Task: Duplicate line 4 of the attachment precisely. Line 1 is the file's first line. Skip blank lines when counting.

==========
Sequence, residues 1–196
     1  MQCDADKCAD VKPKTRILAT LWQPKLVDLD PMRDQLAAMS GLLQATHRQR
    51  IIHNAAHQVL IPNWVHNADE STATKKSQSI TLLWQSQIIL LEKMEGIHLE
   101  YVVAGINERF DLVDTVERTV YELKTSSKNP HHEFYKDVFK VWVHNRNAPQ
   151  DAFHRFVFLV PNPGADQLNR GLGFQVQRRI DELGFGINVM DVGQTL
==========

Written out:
   101  YVVAGINERF DLVDTVERTV YELKTSSKNP HHEFYKDVFK VWVHNRNAPQ